Most raw log files come in tabular form: even though they may not be full-featured CSV format, they typically have columns and some sort of delimiter, and sometimes even a header.
Here is an example taken from an IIS log. When you look around, plenty of log files organize their data fundamentally in a tabular way like this:
#Software: Microsoft Internet Information Services 10.0
#Date: 2018-02-02 00:03:04
#Fields: date time s-ip cs-method cs-uri-stem cs-uri-query s-port cs-username c-ip cs(User-Agent) cs(Referer) sc-status sc-substatus sc-win32-status time-taken
2021-05-02 00:00:04 10.10.12.5 GET /Content/anonymousCheckFile.txt - 8530 - 10.22.121.248 - - 200 0 0 0
2021-05-02 00:00:04 10.10.12.5 GET /Content/anonymousCheckFile.txt - 8531 - 10.22.121.248 - - 200 0 0 2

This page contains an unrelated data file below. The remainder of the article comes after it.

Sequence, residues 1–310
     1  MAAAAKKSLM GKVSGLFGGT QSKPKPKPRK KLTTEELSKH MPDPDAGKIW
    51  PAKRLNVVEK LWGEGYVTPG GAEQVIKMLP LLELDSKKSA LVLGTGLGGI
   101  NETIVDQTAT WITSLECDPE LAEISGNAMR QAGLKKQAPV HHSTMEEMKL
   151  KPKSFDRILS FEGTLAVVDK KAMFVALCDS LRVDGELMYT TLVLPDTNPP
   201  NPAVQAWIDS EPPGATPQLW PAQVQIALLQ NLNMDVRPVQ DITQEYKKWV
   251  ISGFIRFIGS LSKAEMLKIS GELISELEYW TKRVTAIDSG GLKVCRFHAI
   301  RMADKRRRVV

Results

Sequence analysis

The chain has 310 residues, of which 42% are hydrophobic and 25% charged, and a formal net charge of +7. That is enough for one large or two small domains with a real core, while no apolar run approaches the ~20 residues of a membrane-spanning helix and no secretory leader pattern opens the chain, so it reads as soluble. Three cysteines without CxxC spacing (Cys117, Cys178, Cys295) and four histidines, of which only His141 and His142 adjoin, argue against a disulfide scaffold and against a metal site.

Rather than writing complex code to read and parse the data of your log files, it can be of great value to compare your log files to the standard CSV format and see whether it could be treated as such.
In the example of IIS logs above, the findings would be:
Once you know this, use Import-Csv, the fast built-in PowerShell parser for CSV, to quickly parse and turn your log file into objects. All you need to do is to tell Import-Csv where your log file differs from the standard CSV format features:
$Path = "c:\logs\l190202.log"
Import-Csv -Path $Path -Delimiter ' ' -Header date, time, s-ip, cs-method, cs-uri-stem, cs-uri-query, s-port, cs-username, c-ip, csUser-Agent, csReferer, sc-status ,sc-substatus, sc-win32-status, time-taken
In this example, use -Delimiter to tell Import-Csv that the delimiter is a space, and since there are no headers defined, use -Header and paste in the header names found in one of the log file comments at the beginning.
If you don’t know the header names of your log, simply come up with a string array, or use this parameter:
Import-Csv -Header (1..50)
This would assign numbers to the columns of your log file.
ReTweet this Tip!
Powered by IDERA